Dixie Mafia

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Group.png Dixie Mafia
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Dixie Mafia.png
George H. W. Bush in 1983 with Bill Clinton and George Wallace at a lobster bake at his house.
InterestsTyson Foods
Criminal organizations composed mainly of white Southerners and operating primarily throughout the Southern United States, interwoven with politics and owners of legitimate businesses.

The Dixie Mafia are criminal organizations composed mainly of white Southerners and operating primarily throughout the Southern United States. The groups form a ring of interlocking interests that cover Louisiana, Texas, Oklahoma, Kentucky, Tennessee, and above all Arkansas.

The groups use each member's talents and positions to help move stolen merchandise, deal in illegal alcohol, and illegal drugs, among other activities. The groups are interwoven with politics and owners of legitimate businesses. The Dixie Mafia also particularly well known for violence, and its impunity from prosecution thanks to corrupt government connections.

Name

The term was coined by Rex Armistead, the director of the Organized Crime Strike Force in New Orleans in the 1970s.[1] The name is a play on "Dixie" and the original Mafia’s name; the Dixie Mafia is not related to the original Mafia or Italian-American Mafia, nor is it an official name.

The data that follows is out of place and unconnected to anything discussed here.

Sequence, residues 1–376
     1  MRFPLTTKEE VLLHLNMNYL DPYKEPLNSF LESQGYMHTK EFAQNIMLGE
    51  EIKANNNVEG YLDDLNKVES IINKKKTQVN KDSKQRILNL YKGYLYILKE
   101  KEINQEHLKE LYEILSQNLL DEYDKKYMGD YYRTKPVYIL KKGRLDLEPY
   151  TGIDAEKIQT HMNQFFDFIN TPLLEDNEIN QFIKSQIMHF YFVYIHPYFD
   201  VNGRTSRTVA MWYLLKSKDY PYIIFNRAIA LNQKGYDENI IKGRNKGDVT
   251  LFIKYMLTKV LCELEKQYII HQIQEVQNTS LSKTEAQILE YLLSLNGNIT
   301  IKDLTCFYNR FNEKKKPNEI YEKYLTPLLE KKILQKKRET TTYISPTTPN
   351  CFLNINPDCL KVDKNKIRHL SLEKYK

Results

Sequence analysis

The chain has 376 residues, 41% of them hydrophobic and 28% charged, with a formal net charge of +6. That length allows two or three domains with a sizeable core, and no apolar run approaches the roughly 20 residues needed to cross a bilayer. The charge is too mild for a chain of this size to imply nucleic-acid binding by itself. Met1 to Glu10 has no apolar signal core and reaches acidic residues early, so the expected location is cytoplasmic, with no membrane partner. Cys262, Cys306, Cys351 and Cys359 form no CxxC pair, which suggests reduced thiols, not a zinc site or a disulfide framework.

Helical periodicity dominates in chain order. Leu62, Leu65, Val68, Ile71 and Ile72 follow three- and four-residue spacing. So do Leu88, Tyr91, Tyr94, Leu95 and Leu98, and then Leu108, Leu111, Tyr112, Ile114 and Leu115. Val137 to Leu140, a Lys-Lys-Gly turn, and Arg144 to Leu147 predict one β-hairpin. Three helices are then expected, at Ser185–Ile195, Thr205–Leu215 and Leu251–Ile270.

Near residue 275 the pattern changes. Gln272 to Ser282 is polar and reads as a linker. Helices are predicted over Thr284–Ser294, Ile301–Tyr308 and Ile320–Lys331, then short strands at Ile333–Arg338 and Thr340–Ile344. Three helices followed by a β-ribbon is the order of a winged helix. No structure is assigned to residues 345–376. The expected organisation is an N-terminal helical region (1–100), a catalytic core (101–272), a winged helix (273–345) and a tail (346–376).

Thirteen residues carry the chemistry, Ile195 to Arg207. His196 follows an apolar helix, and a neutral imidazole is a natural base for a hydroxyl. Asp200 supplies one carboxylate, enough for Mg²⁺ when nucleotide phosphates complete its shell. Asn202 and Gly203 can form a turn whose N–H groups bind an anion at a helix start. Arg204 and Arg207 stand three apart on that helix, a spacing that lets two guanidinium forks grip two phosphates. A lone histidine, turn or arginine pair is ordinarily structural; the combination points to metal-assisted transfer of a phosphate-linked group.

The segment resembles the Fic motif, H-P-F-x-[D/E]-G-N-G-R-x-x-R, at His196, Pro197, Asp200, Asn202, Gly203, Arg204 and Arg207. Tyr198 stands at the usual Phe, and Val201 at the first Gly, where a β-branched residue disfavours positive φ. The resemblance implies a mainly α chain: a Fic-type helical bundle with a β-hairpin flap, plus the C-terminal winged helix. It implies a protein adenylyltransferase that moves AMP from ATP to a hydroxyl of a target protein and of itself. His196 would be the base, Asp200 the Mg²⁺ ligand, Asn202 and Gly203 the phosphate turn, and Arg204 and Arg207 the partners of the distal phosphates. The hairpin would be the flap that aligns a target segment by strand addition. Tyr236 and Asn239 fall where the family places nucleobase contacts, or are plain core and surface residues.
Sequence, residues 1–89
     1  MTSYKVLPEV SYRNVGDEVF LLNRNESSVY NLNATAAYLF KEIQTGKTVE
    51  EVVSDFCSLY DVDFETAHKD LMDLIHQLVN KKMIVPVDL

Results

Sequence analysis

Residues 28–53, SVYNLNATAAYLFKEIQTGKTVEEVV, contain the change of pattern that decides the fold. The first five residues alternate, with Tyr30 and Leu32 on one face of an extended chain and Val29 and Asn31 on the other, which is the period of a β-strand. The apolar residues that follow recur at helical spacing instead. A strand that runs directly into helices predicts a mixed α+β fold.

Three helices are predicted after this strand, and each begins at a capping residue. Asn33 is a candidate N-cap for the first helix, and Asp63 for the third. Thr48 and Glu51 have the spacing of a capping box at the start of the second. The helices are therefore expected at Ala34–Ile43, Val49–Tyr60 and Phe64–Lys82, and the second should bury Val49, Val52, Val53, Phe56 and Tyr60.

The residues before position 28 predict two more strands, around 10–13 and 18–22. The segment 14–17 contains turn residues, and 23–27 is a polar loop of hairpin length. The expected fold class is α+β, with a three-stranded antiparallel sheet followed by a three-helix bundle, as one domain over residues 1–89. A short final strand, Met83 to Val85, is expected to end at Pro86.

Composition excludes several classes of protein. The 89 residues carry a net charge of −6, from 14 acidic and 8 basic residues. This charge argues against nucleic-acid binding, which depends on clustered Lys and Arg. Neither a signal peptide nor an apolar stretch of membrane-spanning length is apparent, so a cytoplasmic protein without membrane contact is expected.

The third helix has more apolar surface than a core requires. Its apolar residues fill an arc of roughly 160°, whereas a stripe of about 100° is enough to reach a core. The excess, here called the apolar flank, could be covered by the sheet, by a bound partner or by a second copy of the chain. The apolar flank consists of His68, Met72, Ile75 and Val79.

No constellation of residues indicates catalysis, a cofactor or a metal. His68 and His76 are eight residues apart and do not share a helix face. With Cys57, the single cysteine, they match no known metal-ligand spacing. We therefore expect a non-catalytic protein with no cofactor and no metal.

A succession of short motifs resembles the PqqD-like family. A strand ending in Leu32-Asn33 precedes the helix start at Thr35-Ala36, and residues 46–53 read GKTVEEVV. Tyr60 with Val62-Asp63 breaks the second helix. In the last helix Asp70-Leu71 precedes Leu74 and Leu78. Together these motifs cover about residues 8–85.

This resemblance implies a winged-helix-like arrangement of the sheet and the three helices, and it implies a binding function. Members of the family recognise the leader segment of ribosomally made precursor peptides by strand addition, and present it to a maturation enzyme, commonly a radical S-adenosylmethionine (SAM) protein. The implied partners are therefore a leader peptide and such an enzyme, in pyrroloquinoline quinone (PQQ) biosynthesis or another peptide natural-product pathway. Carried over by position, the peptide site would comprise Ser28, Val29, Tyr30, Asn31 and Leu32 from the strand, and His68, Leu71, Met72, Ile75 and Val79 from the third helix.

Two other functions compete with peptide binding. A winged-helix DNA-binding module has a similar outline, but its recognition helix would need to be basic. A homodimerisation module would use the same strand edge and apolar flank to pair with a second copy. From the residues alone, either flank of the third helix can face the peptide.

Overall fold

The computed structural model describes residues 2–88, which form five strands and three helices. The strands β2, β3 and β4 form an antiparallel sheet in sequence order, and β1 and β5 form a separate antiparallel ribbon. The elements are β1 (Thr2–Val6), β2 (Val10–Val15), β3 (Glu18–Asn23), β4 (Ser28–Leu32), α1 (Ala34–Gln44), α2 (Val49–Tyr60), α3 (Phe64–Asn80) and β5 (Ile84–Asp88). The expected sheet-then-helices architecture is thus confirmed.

Activities

During the ten year period 1969-1978, the Dixie Mafia killed at least 156 people. "There wasn't a well from Mississipi to West Texas that didn't have a dead body floating in it", according to Rex Armistead[1].

Arkansas

The Dixie Mafia is prominent in the state of Arkansas. Many murders have been committed to silence whistleblowers or witnesses to their activities.

Groups were involved in the large-scale CIA drug running through Mena, Arkansas in the 1980s, and had a corrupt grip on then-Governor Bill Clinton and his wife Hillary.

Tyson Foods, then run by Don Tyson, had cozy business dealings with the Clintons, and in total gave seven hundred thousand dollars in Bill Clinton's campaign. There are allegations Don Tyson used his distribution network for chickens throughout the United States to smuggle cocaine,[2] at a time when Tyson Foods became the fastest-growing company in the country.[1]


 

Related Quotation

PageQuoteAuthor
William Pepper“that J. Edgar Hoover used his number two, Clyde Tolson, to come into Memphis on a regular basis and liaise with the Dixie Mafia and organize the on the ground killing of Martin King. It shows that Tolson carried $25,000 in, and that money was carried to the prison where James Earl Ray was. He - James - had been profiled and never knew this. That given to the warden, Swenson, and James was allowed to escape, and then he became part of their network. He was under a handler whom he knew as Raoul and who I later came to know as Raoul Coelo. He was an ex Portuguese intelligence officer who lived in Yonkers New York."”William Pepper


References